An angry society
Whether it’s labeled democracy or anarchy, we are experiencing much anger in our American culture today. We see it in political polarization, in-your-face protests, character assassinations, conflicts in social media, rebellion against authority, road rage, daily shootings and in so many other areas of life.
To be clear, the Christian religion does not expect that we will never get angry. Of course, we will. Indeed, if we have a distorted concept of Christianity that forbids anger, we are in for trouble.
A healthy acknowledgment that there are some things that annoy us can be very constructive. It can help us with our mental health within, and it can also help us with noble causes without.
Second, anger is constructive when it is controlled. Most of us have come to understand that anger in a child or baby is normal, however, anger in an adult can be quite different. The terrible tempered, immature adult is just not a very impressive figure.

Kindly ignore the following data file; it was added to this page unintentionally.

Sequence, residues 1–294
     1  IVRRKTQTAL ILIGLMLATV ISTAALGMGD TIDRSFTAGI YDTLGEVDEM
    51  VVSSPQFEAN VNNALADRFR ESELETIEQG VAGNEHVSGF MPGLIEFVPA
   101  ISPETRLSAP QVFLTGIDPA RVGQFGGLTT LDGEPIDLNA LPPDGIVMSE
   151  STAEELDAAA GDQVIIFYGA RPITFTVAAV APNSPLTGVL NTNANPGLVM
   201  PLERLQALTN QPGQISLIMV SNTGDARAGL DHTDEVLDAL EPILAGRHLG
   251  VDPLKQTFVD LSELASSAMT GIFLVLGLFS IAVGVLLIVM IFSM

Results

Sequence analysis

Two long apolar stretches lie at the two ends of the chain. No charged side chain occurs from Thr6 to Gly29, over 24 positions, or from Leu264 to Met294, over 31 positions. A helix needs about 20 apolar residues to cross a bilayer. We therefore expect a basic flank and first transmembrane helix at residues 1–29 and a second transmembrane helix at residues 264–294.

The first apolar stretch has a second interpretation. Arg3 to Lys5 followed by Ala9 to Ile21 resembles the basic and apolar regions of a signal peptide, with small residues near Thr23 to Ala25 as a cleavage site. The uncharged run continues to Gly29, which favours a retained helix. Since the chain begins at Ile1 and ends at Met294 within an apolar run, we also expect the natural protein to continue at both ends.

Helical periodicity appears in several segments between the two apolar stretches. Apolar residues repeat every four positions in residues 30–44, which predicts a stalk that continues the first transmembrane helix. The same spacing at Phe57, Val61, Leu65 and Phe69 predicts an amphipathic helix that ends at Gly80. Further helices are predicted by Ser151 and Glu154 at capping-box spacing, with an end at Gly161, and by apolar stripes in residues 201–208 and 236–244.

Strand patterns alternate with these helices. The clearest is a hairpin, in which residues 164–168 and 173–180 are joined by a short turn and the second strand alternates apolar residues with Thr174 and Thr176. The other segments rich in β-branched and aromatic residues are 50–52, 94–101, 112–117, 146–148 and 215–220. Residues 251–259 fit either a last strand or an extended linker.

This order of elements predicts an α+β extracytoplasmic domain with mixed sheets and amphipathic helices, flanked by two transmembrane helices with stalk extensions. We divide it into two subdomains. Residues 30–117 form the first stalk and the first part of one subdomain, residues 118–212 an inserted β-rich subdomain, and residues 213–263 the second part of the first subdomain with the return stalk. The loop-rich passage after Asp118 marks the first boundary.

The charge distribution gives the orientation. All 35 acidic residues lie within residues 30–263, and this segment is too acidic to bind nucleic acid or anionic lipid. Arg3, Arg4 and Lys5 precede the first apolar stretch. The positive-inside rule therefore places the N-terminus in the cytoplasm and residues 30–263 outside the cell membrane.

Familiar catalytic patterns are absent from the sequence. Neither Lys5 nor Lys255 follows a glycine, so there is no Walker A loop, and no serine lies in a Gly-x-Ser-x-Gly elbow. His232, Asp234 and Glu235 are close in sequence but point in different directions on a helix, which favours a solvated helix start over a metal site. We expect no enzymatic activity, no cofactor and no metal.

I read about a man who’s car was repossessed. In his uncontrollable anger, he walked into a company office and unloaded an automatic weapon on company employees. A number of those employees were killed before the angry man finally took his own life. And that is certainly not an isolated case in today’s society.
It has been reported that nearly two million crimes are committed in the United States each year because of anger.
Third, anger is constructive when its motivation is unselfish. Jesus never became angry over wrong done to him. His anger was always over wrong done to others. He did react angrily when he perceived others were at a disadvantage. He healed the man with the withered hand, ran the money changers out of the temple and brought the children close. In each incident, they were being wronged.
Upon seeing the slave market for the first time, Abraham Lincoln is said to have vowed to hit that problem someday-and hit it hard. Years later, he issued the Emancipation Proclamation.
When we get angry, we need to ask ourselves whether it’s because we feel we’ve been wronged or because we are looking out for someone else.
Fourth, anger is constructive when it ignites the conscience for good. Anger is not always the opposite of love — sometimes it is love’s clearest and most appropriate expression. There are simply some things that will never be changed for the good until somebody gets angry enough.
Candy Lightner is a good example. She suffered devastating grief at the loss of her 13 year old daughter who was killed by a drunk driver. Her grief soon turned to anger, and she organized Mothers Against Drunk Driving.